Ambulance Drones Might Be Coming to Skies of New York
Imagine the scene. A person collapsed outside. Paramedics have arrived and are helping a doctor assess their patient. Suddenly there is a buzzing noise from the sky, and as they look up, a futuristic, drone-like flying ambulance bursts through the low cloud cover and begins to descend into the streets below.
Science fiction? Not long if a new deal by the Israeli company Urban Aeronautics fulfills its promise. The company has ordered four of its Cormorant CityHawk VTOL (vertical take-off and landing) aircraft from the New York-based nonprofit ambulance, Hatzolah Air. This makes Hatzolah Air the first paying customer of Urban Aeronautics.
The two organizations will now work together to prepare the vehicles for use by emergency services – with the space required for a patient and attendant, as well as some rescue workers, pilots and various emergency medical equipment. This is backed up by the fact that the Cormorant CityHawk VTOL has reportedly about 20 to 30% more cabin space than a helicopter.
“The CityHawk VTOL has two duct fans contained in an airplane the size of a van,” said Nimrod Golan-Yanay, CEO of Urban Aeronautics, to Digital Trends. “The combination of a relatively small external footprint, a high payload, and a large and spacious cabin enables truly safe operation from anywhere in the city, near obstacles and near people, with the peace of mind and safety of one Automobile.”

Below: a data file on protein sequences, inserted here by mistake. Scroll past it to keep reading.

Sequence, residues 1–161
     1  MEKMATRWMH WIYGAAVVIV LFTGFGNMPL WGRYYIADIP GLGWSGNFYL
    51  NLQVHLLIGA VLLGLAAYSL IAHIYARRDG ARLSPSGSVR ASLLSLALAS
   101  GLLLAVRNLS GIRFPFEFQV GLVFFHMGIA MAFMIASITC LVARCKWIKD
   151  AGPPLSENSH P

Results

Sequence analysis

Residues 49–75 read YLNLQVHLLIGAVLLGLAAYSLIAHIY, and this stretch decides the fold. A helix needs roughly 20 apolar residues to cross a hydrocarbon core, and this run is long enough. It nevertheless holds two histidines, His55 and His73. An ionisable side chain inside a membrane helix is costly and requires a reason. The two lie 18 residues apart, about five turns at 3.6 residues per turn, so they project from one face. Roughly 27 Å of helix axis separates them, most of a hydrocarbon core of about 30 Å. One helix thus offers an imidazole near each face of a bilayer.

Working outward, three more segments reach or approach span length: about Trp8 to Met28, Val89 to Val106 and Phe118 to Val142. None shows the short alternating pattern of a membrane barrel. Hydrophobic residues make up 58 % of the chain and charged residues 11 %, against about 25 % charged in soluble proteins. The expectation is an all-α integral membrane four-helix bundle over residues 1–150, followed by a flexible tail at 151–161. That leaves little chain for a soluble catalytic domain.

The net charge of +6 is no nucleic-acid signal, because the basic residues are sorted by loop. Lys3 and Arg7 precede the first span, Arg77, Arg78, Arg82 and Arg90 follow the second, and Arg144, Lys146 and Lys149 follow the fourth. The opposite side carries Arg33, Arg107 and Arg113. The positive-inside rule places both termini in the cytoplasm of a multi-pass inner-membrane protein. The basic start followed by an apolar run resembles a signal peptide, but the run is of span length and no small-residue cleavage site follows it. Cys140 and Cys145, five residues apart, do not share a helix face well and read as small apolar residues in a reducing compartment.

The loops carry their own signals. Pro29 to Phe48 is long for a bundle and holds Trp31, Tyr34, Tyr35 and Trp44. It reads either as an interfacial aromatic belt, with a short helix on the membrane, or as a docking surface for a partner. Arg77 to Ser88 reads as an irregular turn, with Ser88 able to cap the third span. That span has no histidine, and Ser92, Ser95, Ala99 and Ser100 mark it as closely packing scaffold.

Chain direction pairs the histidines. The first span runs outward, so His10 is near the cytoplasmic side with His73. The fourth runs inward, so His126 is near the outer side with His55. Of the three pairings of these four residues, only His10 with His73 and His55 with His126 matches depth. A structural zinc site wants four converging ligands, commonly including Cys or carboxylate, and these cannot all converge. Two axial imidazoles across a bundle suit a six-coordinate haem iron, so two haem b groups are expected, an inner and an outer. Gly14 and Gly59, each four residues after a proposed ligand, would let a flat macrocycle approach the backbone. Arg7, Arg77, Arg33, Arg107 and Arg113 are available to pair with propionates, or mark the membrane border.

Piloting the jet fuel vehicle (with a hydrogen-powered version planned for the future) is similar to piloting a helicopter, although Golan-Yanay stated it offered simpler controls and improved stability. “This will lead to agility and speed that will create new opportunities for urban first responders,” he said.
There is still no shortage of regulatory hurdles to be overcome before this deployment of VTOL technology kicks in, both figuratively and literally. But if all goes according to plan, this could be the new face of ambulances in a few years.
Golan-Yanay said these air ambulance messages could serve as proof-of-concept for the continued use of VTOLs in urban environments. “Together with Hatzolah Air as our EMS sales force, we are definitely planning to deploy more EMS CityHawks worldwide,” he said.